Are consumers getting tired of boring vacations? Would they rather rappel down the side of a mountain instead of lounge next to a pool with a cocktail in hand? The researchers who study the adventure travel market say it would be a mistake to ignore the sizeable number of consumers who are looking for something different on their next vacation.

Preliminary research from George Washington University and Xola Consulting for the Adventure Tourism Market Report indicates that up to 25% of all consumers can be classified as adventure travelers. Globally, this market is worth $89 million. Defining the market is somewhat challenging because the nature of adventure varies from one person to another. However, researchers agreed that an adventure vacation would include at least 2 of the following activities:

  • Engaging in physical activity
  • Interacting with nature
  • Learning about another culture

The typical adventure traveler is between the ages of 35 and 47. And it’s important to understand what drives the need for adventure. Michelle Baran writes that this consumer “has a desire to go, seek and experience, regardless of financial circumstances.”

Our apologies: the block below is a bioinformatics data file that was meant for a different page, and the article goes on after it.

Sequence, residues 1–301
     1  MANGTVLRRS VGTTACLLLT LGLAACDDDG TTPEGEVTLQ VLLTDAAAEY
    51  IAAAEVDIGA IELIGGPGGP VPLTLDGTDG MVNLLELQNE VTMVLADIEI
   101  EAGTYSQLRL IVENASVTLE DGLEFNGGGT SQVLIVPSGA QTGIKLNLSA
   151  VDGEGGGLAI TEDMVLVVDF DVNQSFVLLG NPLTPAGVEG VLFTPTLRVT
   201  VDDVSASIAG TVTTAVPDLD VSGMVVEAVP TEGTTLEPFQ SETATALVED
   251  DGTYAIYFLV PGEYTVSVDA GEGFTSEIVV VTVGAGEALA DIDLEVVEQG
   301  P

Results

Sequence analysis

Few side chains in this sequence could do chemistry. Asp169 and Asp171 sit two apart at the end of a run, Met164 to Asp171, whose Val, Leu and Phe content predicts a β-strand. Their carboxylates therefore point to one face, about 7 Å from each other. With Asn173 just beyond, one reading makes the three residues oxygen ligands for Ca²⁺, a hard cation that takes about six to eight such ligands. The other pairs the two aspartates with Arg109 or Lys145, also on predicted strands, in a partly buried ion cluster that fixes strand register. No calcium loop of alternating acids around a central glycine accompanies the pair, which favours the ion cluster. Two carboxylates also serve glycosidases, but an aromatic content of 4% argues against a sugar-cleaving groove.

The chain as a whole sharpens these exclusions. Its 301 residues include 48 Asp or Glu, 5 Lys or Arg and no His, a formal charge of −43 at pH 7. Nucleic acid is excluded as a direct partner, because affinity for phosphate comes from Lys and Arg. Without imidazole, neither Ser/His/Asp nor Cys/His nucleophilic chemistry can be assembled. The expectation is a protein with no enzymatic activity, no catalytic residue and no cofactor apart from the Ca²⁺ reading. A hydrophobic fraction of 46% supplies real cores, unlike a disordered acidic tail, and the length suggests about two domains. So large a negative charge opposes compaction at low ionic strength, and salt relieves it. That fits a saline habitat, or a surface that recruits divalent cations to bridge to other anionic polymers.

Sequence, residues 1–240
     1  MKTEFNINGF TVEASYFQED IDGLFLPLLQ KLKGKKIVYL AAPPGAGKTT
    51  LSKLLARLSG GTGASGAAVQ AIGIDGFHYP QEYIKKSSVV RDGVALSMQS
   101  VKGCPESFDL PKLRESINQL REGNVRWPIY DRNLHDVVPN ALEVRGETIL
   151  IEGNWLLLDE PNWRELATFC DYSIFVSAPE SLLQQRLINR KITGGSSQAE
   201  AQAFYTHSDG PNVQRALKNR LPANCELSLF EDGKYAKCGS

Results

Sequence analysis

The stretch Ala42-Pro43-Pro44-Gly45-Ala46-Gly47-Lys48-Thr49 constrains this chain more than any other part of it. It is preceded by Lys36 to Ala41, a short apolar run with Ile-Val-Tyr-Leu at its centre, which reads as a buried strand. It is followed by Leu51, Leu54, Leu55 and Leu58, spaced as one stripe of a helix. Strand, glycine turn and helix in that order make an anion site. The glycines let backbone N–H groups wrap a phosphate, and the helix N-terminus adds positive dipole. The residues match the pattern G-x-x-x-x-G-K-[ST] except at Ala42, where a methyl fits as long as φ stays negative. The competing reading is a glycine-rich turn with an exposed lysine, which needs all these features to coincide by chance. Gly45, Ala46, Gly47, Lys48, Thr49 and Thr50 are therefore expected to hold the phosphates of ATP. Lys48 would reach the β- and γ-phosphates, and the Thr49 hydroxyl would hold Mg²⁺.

Kristin Lamoureux, director of International Institute of Tourism Studies  at George Washington University says “[i]nstead of being seen as a small, niche market, the study shows that adventure tourism is a sizable market with the potential for significant economic growth opportunities.” Specific markets can promote themselves as being small and unique in order to attract the adventure traveler. And destination marketing organizations and other travel service providers can promote specific adventures to consumers of all income levels by advertising the special properties of a particular region.

[Sources: Baran, Michelle. Adventure travelers forge ahead. TravelWeekly.com 28 Sept. 2010. Web. 14 Oct. 2010;  Study Shows Growth Opportunities in Adventure tourism. GW School of business. 12 Aug. 2010. Web. 14 Oct. 2010]